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Irish voters back loosening divorce laws

Irish voters back loosening divorce laws

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A voter’s ballot paper to be used in Ireland’s 2019 referendum on changing the current Dissolution of Marriage bill (divorce bill) | Paul Faith/AFP via Getty Images

More than 82 percent supported amending the constitution’s tough rules on divorce.

Irish voters have overwhelmingly backed easing the country’s divorce requirements in a referendum, as part of a wider push to liberalize Ireland’s social policies in recent years.

More than 82 percent supported amending the constitution’s rules on divorce, according to a final vote tally announced Sunday. The government has said it would introduce legislation to cut the legal separation period before divorce from four years to two. It would also seek to enshrine recognition of divorces abroad in the constitution.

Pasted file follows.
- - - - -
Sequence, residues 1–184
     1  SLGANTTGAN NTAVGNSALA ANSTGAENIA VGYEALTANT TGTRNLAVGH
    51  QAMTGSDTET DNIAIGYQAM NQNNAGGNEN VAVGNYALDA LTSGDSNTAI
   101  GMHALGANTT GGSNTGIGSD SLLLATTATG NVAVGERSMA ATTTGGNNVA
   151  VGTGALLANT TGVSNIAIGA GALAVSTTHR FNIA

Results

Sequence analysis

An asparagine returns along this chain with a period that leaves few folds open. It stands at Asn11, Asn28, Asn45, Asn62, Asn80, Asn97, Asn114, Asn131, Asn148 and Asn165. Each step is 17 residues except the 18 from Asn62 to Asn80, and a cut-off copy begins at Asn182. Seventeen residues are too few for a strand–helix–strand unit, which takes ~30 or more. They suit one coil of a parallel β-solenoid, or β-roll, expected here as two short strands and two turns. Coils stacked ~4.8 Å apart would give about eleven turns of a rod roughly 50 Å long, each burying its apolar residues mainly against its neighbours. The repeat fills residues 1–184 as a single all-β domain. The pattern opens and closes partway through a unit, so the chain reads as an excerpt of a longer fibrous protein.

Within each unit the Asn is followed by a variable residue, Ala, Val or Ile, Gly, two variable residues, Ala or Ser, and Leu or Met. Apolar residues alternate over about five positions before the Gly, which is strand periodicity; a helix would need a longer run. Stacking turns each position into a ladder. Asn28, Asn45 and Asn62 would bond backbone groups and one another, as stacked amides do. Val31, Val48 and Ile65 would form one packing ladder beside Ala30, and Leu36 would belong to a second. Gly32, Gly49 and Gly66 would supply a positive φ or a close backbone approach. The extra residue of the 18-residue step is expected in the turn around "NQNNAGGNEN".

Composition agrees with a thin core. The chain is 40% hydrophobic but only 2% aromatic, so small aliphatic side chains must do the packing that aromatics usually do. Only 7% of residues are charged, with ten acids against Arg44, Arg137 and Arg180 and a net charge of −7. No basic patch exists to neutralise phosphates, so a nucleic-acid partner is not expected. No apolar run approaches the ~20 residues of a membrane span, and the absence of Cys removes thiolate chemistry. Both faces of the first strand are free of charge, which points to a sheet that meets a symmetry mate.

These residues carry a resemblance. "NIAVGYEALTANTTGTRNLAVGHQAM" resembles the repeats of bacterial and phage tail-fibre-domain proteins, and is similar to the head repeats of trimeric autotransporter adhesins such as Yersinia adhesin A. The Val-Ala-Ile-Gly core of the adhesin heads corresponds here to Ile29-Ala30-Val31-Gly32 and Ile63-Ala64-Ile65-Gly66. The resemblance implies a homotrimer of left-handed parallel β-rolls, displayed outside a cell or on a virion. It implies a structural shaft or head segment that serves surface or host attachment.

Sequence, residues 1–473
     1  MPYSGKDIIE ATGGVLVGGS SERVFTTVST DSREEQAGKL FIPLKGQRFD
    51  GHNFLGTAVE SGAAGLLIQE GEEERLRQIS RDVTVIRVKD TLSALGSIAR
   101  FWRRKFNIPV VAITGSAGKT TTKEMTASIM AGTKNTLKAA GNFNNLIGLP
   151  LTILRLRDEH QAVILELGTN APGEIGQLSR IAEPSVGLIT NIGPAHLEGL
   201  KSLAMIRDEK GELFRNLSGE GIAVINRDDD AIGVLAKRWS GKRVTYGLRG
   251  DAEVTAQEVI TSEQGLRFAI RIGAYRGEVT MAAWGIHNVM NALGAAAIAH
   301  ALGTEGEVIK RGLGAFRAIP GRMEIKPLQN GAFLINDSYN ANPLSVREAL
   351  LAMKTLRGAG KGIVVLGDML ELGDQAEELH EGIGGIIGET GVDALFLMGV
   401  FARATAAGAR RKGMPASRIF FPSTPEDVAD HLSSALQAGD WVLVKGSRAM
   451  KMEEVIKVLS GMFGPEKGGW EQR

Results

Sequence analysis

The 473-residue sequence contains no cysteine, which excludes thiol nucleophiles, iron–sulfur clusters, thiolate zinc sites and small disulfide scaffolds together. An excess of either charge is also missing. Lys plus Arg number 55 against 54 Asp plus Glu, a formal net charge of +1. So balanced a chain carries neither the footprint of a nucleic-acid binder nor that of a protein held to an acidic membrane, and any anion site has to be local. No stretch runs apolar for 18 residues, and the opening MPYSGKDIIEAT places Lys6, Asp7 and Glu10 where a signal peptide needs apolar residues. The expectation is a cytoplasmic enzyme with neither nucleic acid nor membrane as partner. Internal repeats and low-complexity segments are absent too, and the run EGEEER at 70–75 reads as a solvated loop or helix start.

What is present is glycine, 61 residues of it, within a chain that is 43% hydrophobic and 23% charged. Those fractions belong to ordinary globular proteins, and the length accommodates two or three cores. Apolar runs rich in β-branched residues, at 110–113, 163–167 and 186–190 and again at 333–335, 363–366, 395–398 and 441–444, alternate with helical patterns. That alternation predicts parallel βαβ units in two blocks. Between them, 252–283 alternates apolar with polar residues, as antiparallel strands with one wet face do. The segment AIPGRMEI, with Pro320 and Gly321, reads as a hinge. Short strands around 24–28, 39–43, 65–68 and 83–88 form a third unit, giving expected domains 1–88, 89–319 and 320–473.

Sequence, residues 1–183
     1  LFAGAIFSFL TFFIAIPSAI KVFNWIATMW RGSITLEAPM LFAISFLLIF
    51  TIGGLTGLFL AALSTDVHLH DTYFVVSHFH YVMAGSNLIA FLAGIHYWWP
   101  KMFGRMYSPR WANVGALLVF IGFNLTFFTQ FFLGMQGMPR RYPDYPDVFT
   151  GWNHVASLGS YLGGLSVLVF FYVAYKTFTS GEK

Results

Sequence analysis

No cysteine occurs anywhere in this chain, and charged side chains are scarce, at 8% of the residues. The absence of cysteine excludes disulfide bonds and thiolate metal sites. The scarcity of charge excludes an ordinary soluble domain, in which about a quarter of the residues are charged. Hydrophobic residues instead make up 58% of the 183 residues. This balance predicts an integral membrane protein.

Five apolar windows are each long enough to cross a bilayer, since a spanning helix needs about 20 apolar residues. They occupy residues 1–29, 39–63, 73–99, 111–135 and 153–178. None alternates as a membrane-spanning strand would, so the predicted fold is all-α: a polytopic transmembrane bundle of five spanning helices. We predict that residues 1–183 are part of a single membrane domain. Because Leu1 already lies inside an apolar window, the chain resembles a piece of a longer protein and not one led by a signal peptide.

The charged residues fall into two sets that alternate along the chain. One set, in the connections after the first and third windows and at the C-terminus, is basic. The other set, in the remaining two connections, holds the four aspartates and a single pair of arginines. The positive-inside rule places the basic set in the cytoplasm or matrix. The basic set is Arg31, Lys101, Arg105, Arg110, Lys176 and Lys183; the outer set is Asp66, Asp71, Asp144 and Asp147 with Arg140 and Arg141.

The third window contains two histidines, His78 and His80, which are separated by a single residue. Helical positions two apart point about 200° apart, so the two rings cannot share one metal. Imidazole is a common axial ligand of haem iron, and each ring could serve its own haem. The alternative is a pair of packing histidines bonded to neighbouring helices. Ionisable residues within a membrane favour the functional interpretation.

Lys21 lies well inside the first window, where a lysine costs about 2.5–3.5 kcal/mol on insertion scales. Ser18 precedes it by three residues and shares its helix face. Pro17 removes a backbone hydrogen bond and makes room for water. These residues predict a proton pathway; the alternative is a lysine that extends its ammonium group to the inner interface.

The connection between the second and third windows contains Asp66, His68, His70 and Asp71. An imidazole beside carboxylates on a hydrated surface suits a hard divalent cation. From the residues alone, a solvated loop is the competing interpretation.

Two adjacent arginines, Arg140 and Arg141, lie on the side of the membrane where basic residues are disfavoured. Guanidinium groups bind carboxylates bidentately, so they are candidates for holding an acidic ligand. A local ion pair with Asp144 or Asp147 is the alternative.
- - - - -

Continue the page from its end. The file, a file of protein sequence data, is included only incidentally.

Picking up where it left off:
The result is the latest in a series of about-face votes on social issues in Ireland, which has strong Catholic roots: It only legalized divorce in 1995. In recent years, the pace of social change has accelerated, with 62 percent voting to allow same-sex marriage in a 2015 referendum and more than 66 percent backing repeal of Ireland’s abortion ban last year.

About half of the Irish electorate turned out for the divorce referendum, and the “yes” vote prevailed in all 31 constituencies.

Polls had largely predicted the results. A victory for the “yes” camp was considered such a foregone conclusion that there was hardly a campaign, and the Dublin Castle court that was filled with jubilant crowds watching the count in previous referendums stood empty.

However, Culture Minister Josepha Madigan, who managed the referendum campaign for the ruling Fine Gael party, said she was surprised by the decisiveness of the results — the second biggest margin of victory since 95 percent of voters backed the Good Friday Agreement in 1998.

“This was not about rocking the system, it was about humanizing the system” for couples going through divorce, she said, according to broadcaster RTÉ.

A top opponent of amending the divorce provisions, Richard Greene of the Alliance for Defence of Family and Marriage, said officials had misled the public on the ramifications of the referendum, warning the Irish Times it gives the government a “blank check.”

Irish voters also cast ballots on Saturday in local and European elections. Exit polls showed the Greens making large gains.

Naomi O’Leary contributed reporting.



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